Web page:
Megan McArdle questions whether Fed policy could have popped the housing bubble. I think that the housing bubble could have been popped easily by putting curbs on loans with low down payments. That could have been done in several ways. First, forbid Freddie and Fannie from doing anything to support low-down-payment mortgages. (Alternatively, rigidly require Freddie and Fannie to hold sufficient capital against the loans. That would have made them uneconomical to buy.) Second, adjust bank capital requirements to get rid of the loophole that allowed these high-risk loans to get low risk ratings when securitized. Third, just issue a warning against the practice.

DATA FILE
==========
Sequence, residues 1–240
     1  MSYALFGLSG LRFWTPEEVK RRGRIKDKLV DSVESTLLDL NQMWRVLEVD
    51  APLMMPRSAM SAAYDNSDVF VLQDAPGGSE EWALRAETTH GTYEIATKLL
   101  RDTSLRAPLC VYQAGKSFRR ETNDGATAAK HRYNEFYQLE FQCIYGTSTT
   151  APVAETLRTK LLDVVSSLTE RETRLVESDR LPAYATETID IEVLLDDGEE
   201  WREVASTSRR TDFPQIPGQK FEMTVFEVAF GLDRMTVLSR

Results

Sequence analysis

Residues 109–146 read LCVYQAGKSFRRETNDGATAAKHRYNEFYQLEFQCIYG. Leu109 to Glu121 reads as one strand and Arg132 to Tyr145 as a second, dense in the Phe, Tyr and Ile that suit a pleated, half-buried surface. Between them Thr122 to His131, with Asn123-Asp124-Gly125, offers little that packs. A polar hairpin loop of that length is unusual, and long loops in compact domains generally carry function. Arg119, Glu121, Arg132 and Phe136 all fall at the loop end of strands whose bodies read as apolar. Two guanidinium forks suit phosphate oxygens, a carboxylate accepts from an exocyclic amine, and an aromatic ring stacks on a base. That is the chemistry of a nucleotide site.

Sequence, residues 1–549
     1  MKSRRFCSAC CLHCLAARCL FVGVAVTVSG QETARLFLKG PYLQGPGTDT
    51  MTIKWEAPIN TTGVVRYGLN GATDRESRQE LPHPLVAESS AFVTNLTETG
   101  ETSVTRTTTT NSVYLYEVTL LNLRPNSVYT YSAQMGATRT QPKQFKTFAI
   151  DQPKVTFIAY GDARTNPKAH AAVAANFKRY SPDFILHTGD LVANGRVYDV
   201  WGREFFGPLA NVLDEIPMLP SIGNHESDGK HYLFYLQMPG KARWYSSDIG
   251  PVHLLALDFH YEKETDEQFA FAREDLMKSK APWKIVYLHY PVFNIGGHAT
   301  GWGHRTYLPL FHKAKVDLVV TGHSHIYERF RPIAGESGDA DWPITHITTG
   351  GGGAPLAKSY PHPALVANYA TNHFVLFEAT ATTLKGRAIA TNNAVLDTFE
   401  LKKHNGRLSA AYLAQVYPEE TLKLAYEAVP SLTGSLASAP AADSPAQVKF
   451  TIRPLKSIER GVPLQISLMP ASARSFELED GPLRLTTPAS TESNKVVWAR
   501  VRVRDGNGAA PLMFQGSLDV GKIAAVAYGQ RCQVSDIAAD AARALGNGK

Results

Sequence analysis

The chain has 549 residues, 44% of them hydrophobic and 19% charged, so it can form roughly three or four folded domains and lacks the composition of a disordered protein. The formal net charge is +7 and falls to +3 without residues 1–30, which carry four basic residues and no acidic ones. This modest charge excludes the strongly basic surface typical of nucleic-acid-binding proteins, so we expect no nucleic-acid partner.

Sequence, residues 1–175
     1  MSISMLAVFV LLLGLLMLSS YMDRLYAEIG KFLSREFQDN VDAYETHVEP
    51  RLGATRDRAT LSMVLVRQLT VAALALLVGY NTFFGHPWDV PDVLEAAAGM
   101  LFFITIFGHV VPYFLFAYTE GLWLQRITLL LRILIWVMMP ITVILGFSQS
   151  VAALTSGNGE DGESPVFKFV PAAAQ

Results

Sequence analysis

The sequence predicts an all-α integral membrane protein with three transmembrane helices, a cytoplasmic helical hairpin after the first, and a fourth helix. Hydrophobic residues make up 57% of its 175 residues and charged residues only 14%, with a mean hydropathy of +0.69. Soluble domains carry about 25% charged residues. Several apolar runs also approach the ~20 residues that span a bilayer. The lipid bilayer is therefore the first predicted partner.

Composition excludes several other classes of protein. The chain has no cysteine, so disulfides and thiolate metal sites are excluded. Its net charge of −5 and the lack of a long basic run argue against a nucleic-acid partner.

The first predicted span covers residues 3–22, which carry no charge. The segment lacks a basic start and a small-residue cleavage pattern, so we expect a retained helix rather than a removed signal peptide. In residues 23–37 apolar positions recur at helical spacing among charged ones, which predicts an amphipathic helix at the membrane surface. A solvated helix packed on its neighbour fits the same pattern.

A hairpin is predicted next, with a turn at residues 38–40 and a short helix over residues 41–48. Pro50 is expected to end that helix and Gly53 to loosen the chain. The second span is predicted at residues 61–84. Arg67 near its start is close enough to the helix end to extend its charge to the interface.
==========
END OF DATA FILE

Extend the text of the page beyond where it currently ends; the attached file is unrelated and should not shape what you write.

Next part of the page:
Bernanke was a member of the Fed starting in 2002, and he could have advocated any of these policies. In my view, he shares with Greenspan any blame for not trying to pop the bubble. ...
In any case, one can argue that if the housing bubble had been popped, the excess risk-seeking funds would have gone elsewhere, creating a different bubble. I still think that the policy of encouraging high leverage in housing, a policy which continues to this day, was wrong.
Monday, November 03, 2008
The housing bubble could have been popped
Alan Greenspan, among others, has argued that the housing bubble could not be popped, even if the Fed wanted to pop it. Economist Arnold Kling disagrees: